Returning now to FIG. 2, a chamber 25 is disposed below the gas-pervious molding 13 and communicates by way of a duct 26 with an external connector 27. A negative pressure can be produced in chamber 25 by means of an exhauster to cause disc 19 to be pressed flatly against the surface 14 and thereby obviate the risk of movement of the disc 19 during a cutting operation. Before a disc 19 is placed on the molding 13, the cover 8 is first turned to bring the guideway to a required height in relation to surface 14 of a particular molding 13 which is selected. Thereafter, the cover 8 is secured by tightening screws 11. The disc 19 can now be placed on surface 14 and thereafter pressure ring 20 is positioned. A predetermined negative pressure is produced in chamber 25 before the cut is made.
Conveniently, the selection of a particular molding 13 required for a number of different moldings and the requisite vertical adjustment of cover 8 are based on precalculated and tabulated data.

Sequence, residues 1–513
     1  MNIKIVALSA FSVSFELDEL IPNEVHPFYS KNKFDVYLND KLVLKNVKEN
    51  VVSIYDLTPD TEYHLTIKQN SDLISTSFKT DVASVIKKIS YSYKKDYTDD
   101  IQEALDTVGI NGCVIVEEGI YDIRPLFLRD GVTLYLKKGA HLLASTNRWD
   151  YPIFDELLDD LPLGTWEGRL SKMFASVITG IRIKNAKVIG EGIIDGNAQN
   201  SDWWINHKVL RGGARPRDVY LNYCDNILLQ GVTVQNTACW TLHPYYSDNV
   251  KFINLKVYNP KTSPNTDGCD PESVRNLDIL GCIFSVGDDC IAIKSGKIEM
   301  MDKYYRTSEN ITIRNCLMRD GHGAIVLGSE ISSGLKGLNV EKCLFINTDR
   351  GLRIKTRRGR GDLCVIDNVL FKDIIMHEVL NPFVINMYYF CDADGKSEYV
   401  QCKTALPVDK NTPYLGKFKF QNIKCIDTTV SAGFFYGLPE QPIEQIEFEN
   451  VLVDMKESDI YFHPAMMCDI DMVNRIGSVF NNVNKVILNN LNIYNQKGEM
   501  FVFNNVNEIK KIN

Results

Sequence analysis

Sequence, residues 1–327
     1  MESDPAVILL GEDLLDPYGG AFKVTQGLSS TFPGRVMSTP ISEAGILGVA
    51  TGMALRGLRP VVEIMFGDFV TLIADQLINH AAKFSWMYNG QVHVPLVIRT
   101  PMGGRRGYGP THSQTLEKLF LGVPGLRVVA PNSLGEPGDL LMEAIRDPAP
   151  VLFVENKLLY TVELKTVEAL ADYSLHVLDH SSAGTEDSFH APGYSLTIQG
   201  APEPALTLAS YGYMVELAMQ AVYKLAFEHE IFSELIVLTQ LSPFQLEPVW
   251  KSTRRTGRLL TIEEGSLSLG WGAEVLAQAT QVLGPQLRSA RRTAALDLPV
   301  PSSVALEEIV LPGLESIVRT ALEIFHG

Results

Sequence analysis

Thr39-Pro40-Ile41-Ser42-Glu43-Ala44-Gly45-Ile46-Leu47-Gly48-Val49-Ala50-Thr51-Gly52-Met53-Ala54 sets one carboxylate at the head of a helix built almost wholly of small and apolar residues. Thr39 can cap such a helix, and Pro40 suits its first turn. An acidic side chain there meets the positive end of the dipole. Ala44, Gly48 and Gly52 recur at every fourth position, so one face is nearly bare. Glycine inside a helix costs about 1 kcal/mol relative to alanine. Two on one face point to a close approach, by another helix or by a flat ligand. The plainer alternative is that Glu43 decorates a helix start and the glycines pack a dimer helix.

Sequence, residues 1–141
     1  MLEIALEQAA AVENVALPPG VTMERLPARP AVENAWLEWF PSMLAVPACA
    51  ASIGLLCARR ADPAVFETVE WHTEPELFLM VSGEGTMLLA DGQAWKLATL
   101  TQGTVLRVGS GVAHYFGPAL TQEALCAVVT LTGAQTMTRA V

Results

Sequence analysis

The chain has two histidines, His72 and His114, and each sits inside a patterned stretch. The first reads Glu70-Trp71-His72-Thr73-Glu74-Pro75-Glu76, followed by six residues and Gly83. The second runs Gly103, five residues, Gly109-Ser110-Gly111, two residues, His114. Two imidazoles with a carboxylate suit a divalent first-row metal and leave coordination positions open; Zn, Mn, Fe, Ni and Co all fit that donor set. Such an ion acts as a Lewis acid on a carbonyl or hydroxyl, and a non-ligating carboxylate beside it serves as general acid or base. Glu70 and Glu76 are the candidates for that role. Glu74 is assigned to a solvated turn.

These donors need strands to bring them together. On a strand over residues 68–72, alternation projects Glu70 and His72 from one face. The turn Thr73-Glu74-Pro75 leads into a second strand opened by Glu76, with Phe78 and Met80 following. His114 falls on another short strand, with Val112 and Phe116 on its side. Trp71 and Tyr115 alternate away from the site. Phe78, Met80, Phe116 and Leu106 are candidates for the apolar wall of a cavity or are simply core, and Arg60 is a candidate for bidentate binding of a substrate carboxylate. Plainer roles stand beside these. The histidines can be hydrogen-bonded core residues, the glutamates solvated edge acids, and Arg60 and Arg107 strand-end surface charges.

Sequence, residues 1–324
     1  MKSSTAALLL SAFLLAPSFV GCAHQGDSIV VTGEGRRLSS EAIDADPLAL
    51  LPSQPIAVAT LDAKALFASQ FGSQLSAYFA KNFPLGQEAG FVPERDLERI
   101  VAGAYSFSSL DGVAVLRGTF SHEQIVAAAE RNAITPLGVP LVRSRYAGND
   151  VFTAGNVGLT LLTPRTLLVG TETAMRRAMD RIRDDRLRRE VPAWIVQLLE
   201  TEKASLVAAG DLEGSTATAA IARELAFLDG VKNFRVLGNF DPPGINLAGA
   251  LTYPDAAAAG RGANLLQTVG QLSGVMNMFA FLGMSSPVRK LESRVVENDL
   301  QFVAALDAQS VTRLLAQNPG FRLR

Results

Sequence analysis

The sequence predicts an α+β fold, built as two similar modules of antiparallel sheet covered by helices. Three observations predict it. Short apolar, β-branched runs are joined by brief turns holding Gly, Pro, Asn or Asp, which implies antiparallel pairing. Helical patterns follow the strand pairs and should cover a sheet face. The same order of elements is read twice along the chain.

Although the invention has been shown in connection with a certain specific embodiment, it will be readily apparent to those skilled in the art that various changes in form and arrangement of parts may be made to suit requirements without departing from the spirit and scope of the invention.
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|International Classification||A61F9/013, A61F2/14, A61F9/007|
|Cooperative Classification||A61F2/142, A61F9/013, A61F9/007|
|European Classification||A61F9/013, A61F2/14, A61F9/007, A61F2/14C|
|Sep 12, 1989||AS||Assignment|
Owner name: EYE TECH AG, C/O FLORIAN JUON GARTENSTRASSE 3. 700
Free format text: ASSIGNMENT OF ASSIGNORS INTEREST.;ASSIGNOR:KRUMEICH, JORG H.;REEL/FRAME:005140/0685
Effective date: 19860404
Owner name: KRUMEICH, JORG H., GERMANY
Free format text: ASSIGNMENT OF ASSIGNORS INTEREST.;ASSIGNOR:QUAST, NORBERT;REEL/FRAME:005140/0684
Effective date: 19850228
|Jun 3, 1993||FPAY||Fee payment|
Year of fee payment: 4
|Jul 15, 1997||REMI||Maintenance fee reminder mailed|
|Sep 30, 1997||SULP||Surcharge for late payment|
|Sep 30, 1997||FPAY||Fee payment|
Year of fee payment: 8
|Jun 26, 2001||REMI||Maintenance fee reminder mailed|
|Dec 5, 2001||LAPS||Lapse for failure to pay maintenance fees|
|Feb 5, 2002||FP||Expired due to failure to pay maintenance fee|
Effective date: 20011205